What we derived from the Permanent Fund board meeting



Craig Richards, the former attorney general of Alaska and the governor’s closest ally, wasted no time today.

He had but one half hour in front of the Alaska Permanent Fund Board of Directors to make the case that the State of Alaska’s Permanent Fund Corporation should buy up the State of Alaska’s debt.

Craig richards starts his presentation to the Permanent Fund Board.
Craig Richards, top table, starts his presentation to the Permanent Fund Board.

To summarize, the governor proposes that the Permanent Fund Corporation buys the hundreds of millions of dollars in tax credits it owes oil producers.

This would be done through complicated financial mechanisms that would make State government owe the Permanent Fund Corp. the $775 million, instead of owing it to the oil and gas companies who have been waiting for their payments.

$775 million is the current approximate value of what Gov. Bill Walker has yet to pay a handful of independent producers.

Permanent Fund CEO Angela Rodell described it this way to KTVA reporter Liz Raines: “[y]ou pay a dollar out of the general fund that then, or would have paid a dollar out of the general fund, but then pays 60 cents out of the permanent fund to buy that dollar and then the general fund pays the permanent fund a dollar, so the permanent fund gets an extra 40 cents on that.”

On the one hand, this would be a way for the government to offload a great big bill it has — a debt that is causing financial stress and bankruptcy for many of the smaller oil companies that came to Alaska to explore in the smaller or more risk-laden oil patches that the majors like ConocoPhillips, ExxonMobil, and BP are not interested in.

The tax credits can generally be traded, but different rules apply to different conditions. Sometimes the tax credits can be sold to other producers to help them offset a taxable profit. But right now, there’s no real market among the producers for tax credits; they simply aren’t making enough money to need more credits.

If the Permanent Fund Board doesn’t bite on the worm dangled by the governor, Craig Richards said some private equity investors were “sniffing around” for an opportunity at buying the credits. Someone will bite.

The basis of the board’s decision might hang on whether they believe the State of Alaska will make good on its payments. It has always done so in the past, but as the old investment disclaimer goes, “Past performance does not guarantee future results.”


If you’re a small producer and you’re owed millions of dollars from the State of Alaska, getting your money allows you to pay your creditors and possibly avoid financial collapse. From the companies’ perspective, this would be beneficial. They could get on with their lives, although they might never bank on Alaska tax credits as part of their business model again, now that they know the governor can just veto those credits or delay to the point where they are effectively worthless.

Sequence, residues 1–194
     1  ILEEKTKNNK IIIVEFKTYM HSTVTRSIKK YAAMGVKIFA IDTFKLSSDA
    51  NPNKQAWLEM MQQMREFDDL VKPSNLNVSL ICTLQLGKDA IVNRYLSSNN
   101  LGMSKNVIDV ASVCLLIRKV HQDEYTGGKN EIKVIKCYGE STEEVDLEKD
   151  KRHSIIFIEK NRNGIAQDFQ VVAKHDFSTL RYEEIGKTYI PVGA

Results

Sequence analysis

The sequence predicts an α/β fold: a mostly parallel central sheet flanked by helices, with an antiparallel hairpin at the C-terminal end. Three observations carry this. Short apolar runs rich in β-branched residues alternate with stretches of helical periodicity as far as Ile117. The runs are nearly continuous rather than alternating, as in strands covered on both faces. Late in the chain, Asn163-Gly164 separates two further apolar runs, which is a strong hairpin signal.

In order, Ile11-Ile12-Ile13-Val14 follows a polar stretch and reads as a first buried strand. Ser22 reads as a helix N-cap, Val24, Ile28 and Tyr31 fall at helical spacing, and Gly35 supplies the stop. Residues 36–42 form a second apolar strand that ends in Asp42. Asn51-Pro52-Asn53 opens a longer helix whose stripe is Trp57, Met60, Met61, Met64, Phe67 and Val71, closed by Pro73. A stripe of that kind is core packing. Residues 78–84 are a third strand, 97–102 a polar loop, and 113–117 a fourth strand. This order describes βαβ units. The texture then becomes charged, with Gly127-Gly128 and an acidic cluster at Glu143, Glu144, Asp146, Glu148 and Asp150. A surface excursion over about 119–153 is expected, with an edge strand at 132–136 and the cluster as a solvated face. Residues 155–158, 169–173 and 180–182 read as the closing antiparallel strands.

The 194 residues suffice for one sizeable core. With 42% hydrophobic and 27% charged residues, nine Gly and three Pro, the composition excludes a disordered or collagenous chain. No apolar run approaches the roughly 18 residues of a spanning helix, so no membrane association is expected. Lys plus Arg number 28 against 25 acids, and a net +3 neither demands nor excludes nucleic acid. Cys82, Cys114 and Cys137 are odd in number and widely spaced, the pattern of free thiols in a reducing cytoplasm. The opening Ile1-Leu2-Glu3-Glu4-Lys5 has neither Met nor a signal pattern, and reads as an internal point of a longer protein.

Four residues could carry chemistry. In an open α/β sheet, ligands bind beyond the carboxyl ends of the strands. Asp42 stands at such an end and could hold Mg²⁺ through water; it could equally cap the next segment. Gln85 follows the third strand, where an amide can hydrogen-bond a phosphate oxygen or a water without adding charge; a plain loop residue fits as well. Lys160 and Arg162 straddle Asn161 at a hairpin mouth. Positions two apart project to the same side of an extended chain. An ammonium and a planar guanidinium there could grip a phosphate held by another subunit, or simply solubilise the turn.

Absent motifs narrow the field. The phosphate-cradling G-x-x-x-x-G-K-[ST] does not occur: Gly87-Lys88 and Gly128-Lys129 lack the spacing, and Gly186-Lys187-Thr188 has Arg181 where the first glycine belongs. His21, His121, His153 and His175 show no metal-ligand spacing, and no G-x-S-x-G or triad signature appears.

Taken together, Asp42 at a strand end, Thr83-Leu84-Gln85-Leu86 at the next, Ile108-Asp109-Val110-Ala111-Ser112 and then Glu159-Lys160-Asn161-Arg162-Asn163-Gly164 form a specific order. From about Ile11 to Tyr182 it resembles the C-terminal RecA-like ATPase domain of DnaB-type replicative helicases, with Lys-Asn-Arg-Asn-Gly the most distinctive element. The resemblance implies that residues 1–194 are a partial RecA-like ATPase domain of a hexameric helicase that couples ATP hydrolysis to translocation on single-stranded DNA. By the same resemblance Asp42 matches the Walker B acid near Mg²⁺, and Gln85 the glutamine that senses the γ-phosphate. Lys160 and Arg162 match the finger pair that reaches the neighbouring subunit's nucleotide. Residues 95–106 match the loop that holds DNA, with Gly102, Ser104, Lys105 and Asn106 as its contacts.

If you’re shareholder in the Permanent Fund Corporation (and that’s all of us Alaskans), you might see a better return on your fund’s investment by buying up these credits. That’s the fiduciary decision that the board must make. Past State investments by the Alaska Industrial Development and Export Authority —  have not always ended up profitably. Think of the dairies and farms and grain terminals that were a “sure bet.” Enough Alaskans remember those investments that they might doubt whether this one is more prudent.

If the State of Alaska drags its feet and doesn’t pay for four or five years, there’s the problem of the time value of money, which is the idea that money is worth more the sooner it is received.

And what could the Permanent Fund do if the State did not pay? Not much, since the board is appointed by the governor and has to walk a narrow path.

Having the Permanent Fund Corporation be the lienholder on state government would fundamentally change the relationship between the two entities. Our own savings account would now have a lien us.

What’s more, it’s seen by some as the camel’s nose under the tent: If Walker can get the Permanent Fund to buy his debt, what else can he get the Fund to do once he replaces one more director, which he’ll be able to do next August.


Derivatives are complicated instruments. This one walks like a credit derivative, something few Alaskans are knowledgeable enough about to make a good judgment on. But plainly, there is risk with trading in debt. Debt only needs to be traded when things have gone rather badly and then.

The Alaskan public will not get to witness an actual Permanent Fund Dividend announcement this year, as it has every year since the dividend was started.

Usually it’s one of those great events in September that we all look forward to. There’s no announcement, because the governor vetoed more than half of the funding for the dividend, and announced in June what the dividend will be: $1,000. There’s certainty, so no secret envelope needed.

That means he doesn’t have to face the awkwarad juxtoposition of announcing a check that should have been $2,300 or so, and at the same time using the Permanent Fund to pay up to $1 billion to small oil and gas companies.

An alternative way to sell it to the public would be to create a fund within the Permanent Fund, into which Alaskans could invest. This fund would be used to buy up the debt that the governor cannot pay.

But that, dear reader, would be called a bond. (And yes, it would likely violate SEC rules.)